Despite some consolidation in the African banking market, most of the banks we are speaking to remain confident about future opportunities on the continent. However, we have noticed security steadily making its way towards the top of the agenda for bank executives, and rightly so.
Africa’s relative lack of infrastructure is both a blessing and a curse for banks. While access to traditional services is still a challenge, innovation in technology can offer big opportunities. Mobile has become the de facto means of banking in many parts of Africa and, as mobile penetration – particularly smartphone penetration – increases, this is allowing banks to connect with more of the population than ever before, and to do so in a more targeted, personal way.
A study looking at trends in banking in Sub-Saharan Africa, released in June 2015 by the European Investment Bank, noted that the Sub-Saharan Africa (SSA) region leads the world in mobile money accounts. While just 2 percent of adults worldwide have a mobile money account, in the SSA region, 12 percent have one. Although the base is still low, financial inclusion through mobile is growing fast.
While this is encouraging for the continent and the banks involved, banking CEOs are increasingly concerned about systemic risk and, more importantly, about the growing risk of cybercrime.
Cybercrime cutting into operational profits
The Kenyan government alone is losing KSh five billion (US$50 million) yearly on cybercrime and the number is expected to grow. In fact, in March last year, 79 percent of African banking executives surveyed by PWC saw cyber-risk as an inhibitor of growth.
Frankly, we are not surprised. Globally, security is too often seen as a grudge purchase, and is brought in as a last resort and, even worse, often after a critical breach has already taken place. This can cause serious reputational damage to the banking and payments ecosystems.
Complacency around the security technology employed to authenticate a customer in particular is still rife. Despite all the international best practice, many banks still seem comfortable with using one-time password (OTP) technology as their primary means of authenticating their customers. Technology, one must add, that is already decades old.
Back in 2012, the Australian telcos warned their local banks that SMS was not secure and urged them to re-look at how they protected their customers. At the time, Communications Alliance chief executive John Stanton said it plainly: “SMS is not designed to be a secure communications channel and should not be used by banks for electronic funds transfer authentication.”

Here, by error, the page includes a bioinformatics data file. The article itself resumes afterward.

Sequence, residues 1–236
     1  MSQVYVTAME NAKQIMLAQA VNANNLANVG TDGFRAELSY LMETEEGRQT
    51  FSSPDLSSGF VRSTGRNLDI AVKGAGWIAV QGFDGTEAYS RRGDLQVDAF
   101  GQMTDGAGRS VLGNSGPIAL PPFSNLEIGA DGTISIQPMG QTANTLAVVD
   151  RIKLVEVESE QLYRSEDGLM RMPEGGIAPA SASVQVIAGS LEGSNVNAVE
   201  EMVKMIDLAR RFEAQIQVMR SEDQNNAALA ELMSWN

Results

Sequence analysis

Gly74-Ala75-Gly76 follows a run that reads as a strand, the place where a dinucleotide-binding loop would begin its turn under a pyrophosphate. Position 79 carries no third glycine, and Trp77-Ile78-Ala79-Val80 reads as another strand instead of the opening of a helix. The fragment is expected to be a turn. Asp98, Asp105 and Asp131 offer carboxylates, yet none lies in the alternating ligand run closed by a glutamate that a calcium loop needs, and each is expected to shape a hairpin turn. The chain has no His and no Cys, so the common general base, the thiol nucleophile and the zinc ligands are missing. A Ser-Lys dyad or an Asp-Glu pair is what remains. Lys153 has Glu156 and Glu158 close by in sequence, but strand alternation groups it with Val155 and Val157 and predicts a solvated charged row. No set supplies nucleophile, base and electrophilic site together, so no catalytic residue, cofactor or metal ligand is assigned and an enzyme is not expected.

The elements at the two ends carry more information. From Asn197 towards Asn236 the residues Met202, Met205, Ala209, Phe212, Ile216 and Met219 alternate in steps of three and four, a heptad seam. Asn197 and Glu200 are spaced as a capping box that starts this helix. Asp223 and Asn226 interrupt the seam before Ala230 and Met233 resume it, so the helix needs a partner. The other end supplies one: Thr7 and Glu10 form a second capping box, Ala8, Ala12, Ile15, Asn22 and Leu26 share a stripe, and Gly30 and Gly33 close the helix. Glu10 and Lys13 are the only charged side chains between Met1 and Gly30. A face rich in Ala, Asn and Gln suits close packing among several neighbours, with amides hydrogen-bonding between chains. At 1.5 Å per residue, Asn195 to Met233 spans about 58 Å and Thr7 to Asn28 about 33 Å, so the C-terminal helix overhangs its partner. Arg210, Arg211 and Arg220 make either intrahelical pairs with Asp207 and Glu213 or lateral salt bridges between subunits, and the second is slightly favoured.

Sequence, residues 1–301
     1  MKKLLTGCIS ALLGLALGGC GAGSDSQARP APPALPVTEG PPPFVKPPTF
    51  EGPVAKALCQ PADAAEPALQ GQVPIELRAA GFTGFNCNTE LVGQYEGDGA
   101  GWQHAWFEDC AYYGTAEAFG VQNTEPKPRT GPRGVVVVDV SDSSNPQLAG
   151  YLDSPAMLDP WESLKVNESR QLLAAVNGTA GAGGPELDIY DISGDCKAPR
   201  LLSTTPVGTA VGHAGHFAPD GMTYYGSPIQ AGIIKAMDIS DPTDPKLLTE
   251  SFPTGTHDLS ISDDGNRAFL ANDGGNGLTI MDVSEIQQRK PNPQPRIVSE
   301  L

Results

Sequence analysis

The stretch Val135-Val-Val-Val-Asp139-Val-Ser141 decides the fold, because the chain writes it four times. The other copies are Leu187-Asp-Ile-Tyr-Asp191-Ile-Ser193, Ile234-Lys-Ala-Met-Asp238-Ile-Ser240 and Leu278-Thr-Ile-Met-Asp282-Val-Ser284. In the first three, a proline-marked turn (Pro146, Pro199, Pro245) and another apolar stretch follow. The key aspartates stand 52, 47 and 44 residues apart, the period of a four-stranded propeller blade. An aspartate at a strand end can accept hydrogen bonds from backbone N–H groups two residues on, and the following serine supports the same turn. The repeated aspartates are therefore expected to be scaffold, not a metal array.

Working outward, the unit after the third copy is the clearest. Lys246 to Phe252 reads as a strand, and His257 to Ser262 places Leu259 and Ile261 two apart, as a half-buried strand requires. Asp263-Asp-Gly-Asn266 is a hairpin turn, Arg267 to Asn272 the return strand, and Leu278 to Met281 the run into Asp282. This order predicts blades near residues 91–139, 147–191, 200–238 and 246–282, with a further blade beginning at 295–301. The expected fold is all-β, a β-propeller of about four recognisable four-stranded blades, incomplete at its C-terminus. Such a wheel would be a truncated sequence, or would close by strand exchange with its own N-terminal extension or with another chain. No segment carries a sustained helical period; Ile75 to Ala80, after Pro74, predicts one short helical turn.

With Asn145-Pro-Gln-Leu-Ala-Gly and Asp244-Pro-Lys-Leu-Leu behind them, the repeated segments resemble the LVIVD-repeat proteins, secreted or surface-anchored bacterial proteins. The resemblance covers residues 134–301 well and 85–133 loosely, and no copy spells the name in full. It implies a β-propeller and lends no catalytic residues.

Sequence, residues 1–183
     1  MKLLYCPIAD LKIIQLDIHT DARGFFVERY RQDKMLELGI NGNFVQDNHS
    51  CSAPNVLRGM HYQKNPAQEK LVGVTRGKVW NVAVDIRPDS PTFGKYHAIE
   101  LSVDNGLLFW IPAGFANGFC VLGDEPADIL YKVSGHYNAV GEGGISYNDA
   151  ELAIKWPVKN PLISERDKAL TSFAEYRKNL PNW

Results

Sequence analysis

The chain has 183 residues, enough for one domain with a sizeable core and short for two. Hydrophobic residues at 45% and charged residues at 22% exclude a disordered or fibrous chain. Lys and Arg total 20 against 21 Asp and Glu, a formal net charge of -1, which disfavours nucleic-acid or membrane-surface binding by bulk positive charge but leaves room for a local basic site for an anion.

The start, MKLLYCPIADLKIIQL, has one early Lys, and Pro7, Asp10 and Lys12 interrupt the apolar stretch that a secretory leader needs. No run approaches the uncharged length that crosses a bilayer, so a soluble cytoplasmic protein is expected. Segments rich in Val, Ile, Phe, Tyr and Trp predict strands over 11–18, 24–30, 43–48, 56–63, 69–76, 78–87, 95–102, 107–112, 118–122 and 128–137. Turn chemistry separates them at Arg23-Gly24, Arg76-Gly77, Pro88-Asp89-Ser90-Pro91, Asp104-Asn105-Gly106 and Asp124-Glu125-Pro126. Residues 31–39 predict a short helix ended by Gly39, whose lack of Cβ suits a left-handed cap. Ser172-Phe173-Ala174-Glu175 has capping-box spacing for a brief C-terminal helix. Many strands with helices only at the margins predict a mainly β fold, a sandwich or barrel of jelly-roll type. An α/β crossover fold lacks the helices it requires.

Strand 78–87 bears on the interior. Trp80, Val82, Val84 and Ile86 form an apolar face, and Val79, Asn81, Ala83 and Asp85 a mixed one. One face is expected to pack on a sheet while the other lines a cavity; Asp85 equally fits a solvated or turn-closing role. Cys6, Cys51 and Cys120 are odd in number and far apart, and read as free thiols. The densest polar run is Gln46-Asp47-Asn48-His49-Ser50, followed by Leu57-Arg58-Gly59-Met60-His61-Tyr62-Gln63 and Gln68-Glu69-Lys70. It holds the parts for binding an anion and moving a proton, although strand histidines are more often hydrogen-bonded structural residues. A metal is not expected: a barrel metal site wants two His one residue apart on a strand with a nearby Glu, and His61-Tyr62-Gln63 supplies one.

This is not the end of the challenge. Many banks have shifted to two-factor authentication (where users have a password and make use of a token or phone as the second factor), but Gartner warned back in 2009 that any two-factor authentication relying on a browser can be beaten. The company went on to suggest banks make use of a fraud prevention approach that uses stronger authentication, fraud detection and out-of-band transaction verification.
Over the years we have seen a marked rise in man-in-the-middle attacks and these are receiving particular attention from African security analysts. These are best described as attacks criminals designed to secretly intercept and possibly tamper with messages between two parties who believe they are communicating only with one another. Many unsuspecting banking clients have become victims of phishing attacks through clicking email links, downloading fake or altered mobile apps or through the use of unsecured public wifi connections.
This is a real challenge for banks. They do work to educate their clients on safer browsing habits, but this is simply not enough. Banks must take responsibility for securing financial or personal data. The same is, of course, true for all organisations that hold sensitive information. Regulations around this are growing incredibly onerous and, if companies can’t guarantee they are protecting the consumer, they will be subject to very hefty penalties.
This is not just a compliance challenge
If banks want to improve their bottom line, they must own the channel through which they communicate with their clients. This channel is the proverbial goose that lays the golden egg. In a downturn economy especially, financial institutions are developing and rolling out incredibly innovative new products. This is all pointless, however, if the end user – the client – doesn’t trust your technology enough to complete a transaction.
One thing we know for sure is that criminals are constantly evolving and refining the ways they access data and funds. Each year, we send our developers to top global cybersecurity conferences. We expect them to know exactly what the latest exploits are and to build technology at least 12 to 18 months ahead of the fraud curve. We also engage white-hat hackers to stress test our systems, exposing potential flaws and allowing us insight into problems before they exist.
In short, if banks want to ensure they can leverage the mobile channel for increased profits, they cannot afford to be complacent about security. We know that the criminals are thinking three steps ahead. Shouldn’t our banks be doing the same for their clients?